Sunday, June 19, 2011
For most of my childhood and teen-age years in the Philippines, my father worked abroad. He was an aircraft mechanic whose assignments had brought him to Vietnam, Cambodia, Laos, Uganda, Angola, and Iran.
With five growing children, the separation was a necessity. He had always stayed abroad, only coming home for a month. He was the quintessential OFW (overseas foreign worker), long before that word became popular.
When I was about eight, Tatay came home for his vacation laden with gifts. My doll was taller than my baby sister, with blonde hair, blue eyes, and porcelain skin. My youngest sister had a similar, although smaller doll, and my brothers had monster toy trucks. In an instant, he shone the spotlight on the Cerrudo kids and raised our importance among the neighborhood kids.
Even though the gifts were expensive (and excessive as per my ever-practical mother), the toys represented my father's amends for those days when he was not around to see our milestones, when my mom raised us by herself. He was not being materialistic; he was just overjoyed upon seeing our faces brighten up with the excitement of discovery.
His love was undeniable, the truth as unequivocal as life itself.
At times, he waxed philosophical about the lost opportunities when he had to drop out of college because of family responsibilities, but he encouraged us all to explore beyond perceived boundaries. My father envisioned the best for us, and encouraged us to excel in this world. He didn't miss any chance to tell his buddies about our achievements.
He was a story-teller who regaled us with tales of his exploits in the foreign lands, and when our lids started to droop, he switched to stories of vampires and in respect to our Filipino mythology, he loved to talk about the manananggal (who can separate their upper torso to fly into the night with huge bat-like wings in search of pregnant women) and kapre (tree -dwelling smoking giant).
Somehow, he managed to convince us that the manananggal and the kapre will also prey on children who do not like to take their afternoon naps or sleep early at night time.
The kids pretended to squeal in horror but we always asked for more. And so it went that we gathered around him as close as possible, seeking protection from evil creatures as he watched over us. His rich baritone as he sang gentle lullabies reassured us as we dreamt of adventures as Filipino superheroes- Captain Barbell and Darna. We were not traumatized by the stories, and never had nightmares. Because we were secure in his love for us. Perhaps, the smell of his Old Spice perfume warded off the evil spirits.
And then he always woke us up either by tickling our feet or playing with cotton balls in our ears. Tatay gave us butterfly kisses. He danced around the house and showed off his what would later be his Rico Mambo moves. My mom became a target of his constant teasing and he would sometimes chase her around the house just to tickle her.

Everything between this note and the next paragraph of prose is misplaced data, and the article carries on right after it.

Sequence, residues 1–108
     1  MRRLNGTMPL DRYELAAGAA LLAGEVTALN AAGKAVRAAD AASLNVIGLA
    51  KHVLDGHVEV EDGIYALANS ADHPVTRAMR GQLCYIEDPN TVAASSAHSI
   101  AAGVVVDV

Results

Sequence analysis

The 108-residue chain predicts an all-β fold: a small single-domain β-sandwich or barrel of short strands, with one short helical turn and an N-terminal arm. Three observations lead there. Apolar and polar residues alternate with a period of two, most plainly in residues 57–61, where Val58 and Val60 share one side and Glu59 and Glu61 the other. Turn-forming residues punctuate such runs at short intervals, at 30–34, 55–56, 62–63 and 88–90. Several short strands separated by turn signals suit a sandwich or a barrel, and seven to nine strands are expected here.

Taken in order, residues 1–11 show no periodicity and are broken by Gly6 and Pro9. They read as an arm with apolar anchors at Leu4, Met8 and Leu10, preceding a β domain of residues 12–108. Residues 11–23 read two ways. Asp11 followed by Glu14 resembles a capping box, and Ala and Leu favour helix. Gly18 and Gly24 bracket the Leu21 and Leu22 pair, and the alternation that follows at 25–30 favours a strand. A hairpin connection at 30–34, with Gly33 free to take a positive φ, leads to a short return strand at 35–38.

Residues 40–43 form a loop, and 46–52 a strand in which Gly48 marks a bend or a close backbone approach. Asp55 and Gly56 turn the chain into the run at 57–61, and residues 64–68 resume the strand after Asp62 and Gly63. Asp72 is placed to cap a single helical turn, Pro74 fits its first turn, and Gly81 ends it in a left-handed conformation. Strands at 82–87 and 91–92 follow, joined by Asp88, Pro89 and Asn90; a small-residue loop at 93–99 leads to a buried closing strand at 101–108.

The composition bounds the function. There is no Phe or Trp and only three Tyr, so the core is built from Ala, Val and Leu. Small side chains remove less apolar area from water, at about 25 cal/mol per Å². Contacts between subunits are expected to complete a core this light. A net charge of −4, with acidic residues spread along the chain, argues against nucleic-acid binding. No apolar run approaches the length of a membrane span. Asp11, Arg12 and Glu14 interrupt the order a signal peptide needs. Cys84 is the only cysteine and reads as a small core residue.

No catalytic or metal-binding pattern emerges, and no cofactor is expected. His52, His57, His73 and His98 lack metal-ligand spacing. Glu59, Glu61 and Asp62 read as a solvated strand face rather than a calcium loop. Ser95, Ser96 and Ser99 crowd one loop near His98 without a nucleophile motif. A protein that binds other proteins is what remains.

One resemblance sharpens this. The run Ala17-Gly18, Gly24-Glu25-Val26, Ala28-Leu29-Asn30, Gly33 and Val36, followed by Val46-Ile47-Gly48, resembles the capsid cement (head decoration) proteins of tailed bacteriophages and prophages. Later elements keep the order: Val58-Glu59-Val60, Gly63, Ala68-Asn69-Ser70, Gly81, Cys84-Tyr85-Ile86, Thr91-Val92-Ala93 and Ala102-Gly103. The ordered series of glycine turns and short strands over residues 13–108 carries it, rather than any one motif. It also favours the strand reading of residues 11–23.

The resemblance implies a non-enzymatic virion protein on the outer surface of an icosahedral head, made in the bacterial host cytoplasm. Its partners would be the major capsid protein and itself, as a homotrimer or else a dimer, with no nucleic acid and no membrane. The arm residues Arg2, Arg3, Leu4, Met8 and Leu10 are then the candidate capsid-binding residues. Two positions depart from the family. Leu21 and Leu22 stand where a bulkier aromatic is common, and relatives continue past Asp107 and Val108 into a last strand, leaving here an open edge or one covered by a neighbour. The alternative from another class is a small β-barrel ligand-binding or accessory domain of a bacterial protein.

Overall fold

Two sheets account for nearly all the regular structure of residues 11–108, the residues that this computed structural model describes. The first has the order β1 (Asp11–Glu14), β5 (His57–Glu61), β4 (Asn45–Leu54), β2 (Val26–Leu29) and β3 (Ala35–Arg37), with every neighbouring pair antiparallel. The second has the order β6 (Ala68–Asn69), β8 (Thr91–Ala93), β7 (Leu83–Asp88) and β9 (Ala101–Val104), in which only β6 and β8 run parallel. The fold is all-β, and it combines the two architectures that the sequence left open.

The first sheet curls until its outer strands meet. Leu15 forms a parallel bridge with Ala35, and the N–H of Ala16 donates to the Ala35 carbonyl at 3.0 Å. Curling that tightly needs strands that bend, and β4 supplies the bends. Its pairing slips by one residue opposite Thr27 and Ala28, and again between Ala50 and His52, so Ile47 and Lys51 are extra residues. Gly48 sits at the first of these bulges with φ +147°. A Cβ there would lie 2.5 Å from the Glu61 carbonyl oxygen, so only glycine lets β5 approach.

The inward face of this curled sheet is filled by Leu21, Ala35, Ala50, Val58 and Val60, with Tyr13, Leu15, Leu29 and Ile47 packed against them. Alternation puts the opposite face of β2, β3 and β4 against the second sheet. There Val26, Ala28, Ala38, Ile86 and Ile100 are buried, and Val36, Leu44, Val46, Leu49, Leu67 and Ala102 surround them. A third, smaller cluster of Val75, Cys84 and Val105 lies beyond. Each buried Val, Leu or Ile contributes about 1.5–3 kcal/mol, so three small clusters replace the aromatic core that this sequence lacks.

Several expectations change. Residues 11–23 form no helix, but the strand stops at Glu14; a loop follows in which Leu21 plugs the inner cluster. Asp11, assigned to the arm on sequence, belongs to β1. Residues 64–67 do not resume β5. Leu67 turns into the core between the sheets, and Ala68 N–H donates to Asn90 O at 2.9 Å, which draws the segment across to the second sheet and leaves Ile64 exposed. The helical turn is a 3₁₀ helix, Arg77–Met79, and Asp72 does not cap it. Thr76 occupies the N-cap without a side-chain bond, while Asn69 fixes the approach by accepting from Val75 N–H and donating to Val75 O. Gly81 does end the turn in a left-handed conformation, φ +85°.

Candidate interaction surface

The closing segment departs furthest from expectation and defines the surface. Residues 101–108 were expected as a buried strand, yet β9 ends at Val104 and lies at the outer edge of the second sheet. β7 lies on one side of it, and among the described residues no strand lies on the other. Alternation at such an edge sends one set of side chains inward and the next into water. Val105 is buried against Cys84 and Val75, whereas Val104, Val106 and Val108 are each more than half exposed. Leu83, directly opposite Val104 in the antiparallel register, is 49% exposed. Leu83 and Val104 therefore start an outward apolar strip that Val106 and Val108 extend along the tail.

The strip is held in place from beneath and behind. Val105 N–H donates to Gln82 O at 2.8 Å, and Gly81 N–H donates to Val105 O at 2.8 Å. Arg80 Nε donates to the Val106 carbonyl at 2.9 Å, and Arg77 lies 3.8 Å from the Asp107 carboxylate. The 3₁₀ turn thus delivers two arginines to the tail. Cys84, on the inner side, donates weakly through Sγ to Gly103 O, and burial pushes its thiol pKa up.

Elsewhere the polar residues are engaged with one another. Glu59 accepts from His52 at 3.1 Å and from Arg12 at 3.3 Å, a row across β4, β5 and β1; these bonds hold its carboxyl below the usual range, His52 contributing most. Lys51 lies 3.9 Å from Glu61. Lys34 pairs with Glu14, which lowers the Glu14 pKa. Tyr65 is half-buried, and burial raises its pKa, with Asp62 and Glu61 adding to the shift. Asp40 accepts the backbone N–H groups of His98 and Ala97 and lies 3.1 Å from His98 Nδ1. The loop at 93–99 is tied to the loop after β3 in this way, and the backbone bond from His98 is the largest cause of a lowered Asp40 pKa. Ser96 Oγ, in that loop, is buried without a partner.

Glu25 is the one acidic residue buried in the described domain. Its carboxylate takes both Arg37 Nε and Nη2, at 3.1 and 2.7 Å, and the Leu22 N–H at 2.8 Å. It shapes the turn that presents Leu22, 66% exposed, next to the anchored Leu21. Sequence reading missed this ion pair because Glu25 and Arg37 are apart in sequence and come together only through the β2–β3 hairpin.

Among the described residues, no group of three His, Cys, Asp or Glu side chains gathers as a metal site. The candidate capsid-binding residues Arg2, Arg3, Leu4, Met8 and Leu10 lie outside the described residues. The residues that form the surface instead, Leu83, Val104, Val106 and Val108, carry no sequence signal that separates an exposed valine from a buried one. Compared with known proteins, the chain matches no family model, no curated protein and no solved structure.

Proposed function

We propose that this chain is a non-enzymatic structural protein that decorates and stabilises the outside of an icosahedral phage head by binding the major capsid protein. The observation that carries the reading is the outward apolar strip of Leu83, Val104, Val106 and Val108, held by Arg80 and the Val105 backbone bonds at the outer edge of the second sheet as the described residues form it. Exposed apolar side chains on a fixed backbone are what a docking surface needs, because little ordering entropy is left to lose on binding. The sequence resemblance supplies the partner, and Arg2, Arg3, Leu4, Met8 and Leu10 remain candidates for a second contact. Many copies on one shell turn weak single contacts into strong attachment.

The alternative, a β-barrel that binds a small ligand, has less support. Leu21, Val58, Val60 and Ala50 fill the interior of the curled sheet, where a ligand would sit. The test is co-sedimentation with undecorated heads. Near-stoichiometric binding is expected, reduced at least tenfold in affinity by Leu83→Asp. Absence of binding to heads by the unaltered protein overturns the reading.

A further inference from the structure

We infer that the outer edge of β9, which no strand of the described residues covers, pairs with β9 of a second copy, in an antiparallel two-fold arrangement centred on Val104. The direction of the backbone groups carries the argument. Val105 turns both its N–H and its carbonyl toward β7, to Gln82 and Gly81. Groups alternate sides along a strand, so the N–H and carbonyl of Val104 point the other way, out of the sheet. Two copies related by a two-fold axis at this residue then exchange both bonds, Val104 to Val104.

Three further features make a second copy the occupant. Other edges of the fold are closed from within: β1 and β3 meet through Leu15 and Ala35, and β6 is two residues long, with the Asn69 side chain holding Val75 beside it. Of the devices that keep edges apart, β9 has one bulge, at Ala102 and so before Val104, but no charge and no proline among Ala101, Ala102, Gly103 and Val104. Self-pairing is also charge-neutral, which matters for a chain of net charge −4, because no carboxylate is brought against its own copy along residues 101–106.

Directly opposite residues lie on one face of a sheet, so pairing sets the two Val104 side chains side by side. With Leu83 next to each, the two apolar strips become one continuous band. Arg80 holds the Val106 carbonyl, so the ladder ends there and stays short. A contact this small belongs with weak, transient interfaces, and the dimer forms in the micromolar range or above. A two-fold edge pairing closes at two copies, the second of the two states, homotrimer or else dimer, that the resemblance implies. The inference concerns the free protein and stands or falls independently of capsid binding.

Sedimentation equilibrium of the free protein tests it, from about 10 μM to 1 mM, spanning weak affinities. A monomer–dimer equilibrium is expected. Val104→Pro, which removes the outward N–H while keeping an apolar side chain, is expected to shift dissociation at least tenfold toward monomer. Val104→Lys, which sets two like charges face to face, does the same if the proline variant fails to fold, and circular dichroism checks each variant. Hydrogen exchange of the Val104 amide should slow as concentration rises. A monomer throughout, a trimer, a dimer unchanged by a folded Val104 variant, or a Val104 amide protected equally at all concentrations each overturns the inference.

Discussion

As we grew up, my father started to stay longer in the Philippines in between job assignments and eventually, he stopped his overseas work after I finished college. My father loved watching the ladies of the house as we were absorbed in whatever drama series was showing on tv. During the most dramatic parts, he usually started to sniffle and blow his nose loudly to annoy us. But as much as he was the teaser and the ultimate joker, his sentimental nature was legendary. He cried more often and much quicker than my mom.
On June 20, 1987, he walked me down the aisle. He hugged me close and said that he would always be there for me, no matter what.
In July 2001, he died of a stroke in the Philippines. My sister and I went home. It was heart-wrenching to realize that we would never see him again... that he would not dance with us again.
If I could freeze-frame any moment for posterity, I would love to see him dance with my mother again.
If I could get another chance, I would join my father as he teased my mother until she blushed. I would hug my father to breathe in the scent of his Old Spice cologne again. I would sit at his feet to listen to his stories, anything just to hear his voice once more.
If I could steal another moment with him, I would have said "I love you" over and over again, not just on Father's Day. And if I could go back in time, I would like to see the contented look on his face as he proudly and joyfully watched his young daughters playing with over-sized dolls.
And when I started on another journey on June 20, 2011 with a new work environment, I knew that my father had given me the strength to shine and the spirit to persevere, in spite of the kapre and manananggal. I can almost see him giving me two thumbs up.
I have learned all those years ago when I was eight, that he loved us all with that consuming and unconditional love.
Luther Vandross- Dance With My Father
Cat Stevens- Father and Son
Charice was estranged from his father, but at the end, she still expressed her love for him, probably regretting the time they had lost.
Bob Carlisle- Butterfly Kisses
For all that I have done wrong, I must have done right.
Jose Mari Chan featuring Cherie Gil- Sing Me a Song, Daddy